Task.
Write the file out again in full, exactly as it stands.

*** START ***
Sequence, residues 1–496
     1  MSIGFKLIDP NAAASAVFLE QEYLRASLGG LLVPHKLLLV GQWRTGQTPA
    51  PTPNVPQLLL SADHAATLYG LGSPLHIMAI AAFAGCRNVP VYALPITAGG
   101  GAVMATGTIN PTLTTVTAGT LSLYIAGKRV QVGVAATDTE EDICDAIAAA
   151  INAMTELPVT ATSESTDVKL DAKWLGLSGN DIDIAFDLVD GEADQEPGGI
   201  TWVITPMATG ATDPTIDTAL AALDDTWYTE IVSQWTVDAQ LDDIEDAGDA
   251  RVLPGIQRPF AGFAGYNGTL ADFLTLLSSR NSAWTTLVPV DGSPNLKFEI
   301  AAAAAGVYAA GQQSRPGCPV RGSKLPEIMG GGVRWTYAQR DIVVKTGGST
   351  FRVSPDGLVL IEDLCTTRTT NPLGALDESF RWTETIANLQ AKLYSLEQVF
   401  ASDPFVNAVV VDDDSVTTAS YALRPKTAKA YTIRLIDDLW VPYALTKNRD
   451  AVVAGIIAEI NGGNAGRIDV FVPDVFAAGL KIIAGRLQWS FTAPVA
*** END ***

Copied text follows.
Sequence, residues 1–496
     1  MSIGFKLIDP NAAASAVFLE QEYLRASLGG LLVPHKLLLV GQWRTGQTPA
    51  PTPNVPQLLL SADHAATLYG LGSPLHIMAI AAFAGCRNVP VYALPITAGG
   101  GAVMATGTIN PTLTTVTAGT LSLYIAGKRV QVGVAATDTE EDICDAIAAA
   151  INAMTELPVT ATSESTDVKL DAKWLGLSGN DIDIAFDLVD GEADQEPGGI
   201  TWVITPMATG ATDPTIDTAL AALDDTWYTE IVSQWTVDAQ LDDIEDAGDA
   251  RVLPGIQRPF AGFAGYNGTL ADFLTLLSSR NSAWTTLVPV DGSPNLKFEI
   301  AAAAAGVYAA GQQSRPGCPV RGSKLPEIMG GGVRWTYAQR DIVVKTGGST
   351  FRVSPDGLVL IEDLCTTRTT NPLGALDESF RWTETIANLQ AKLYSLEQVF
   401  ASDPFVNAVV VDDDSVTTAS YALRPKTAKA YTIRLIDDLW VPYALTKNRD
   451  AVVAGIIAEI NGGNAGRIDV FVPDVFAAGL KIIAGRLQWS FTAPVA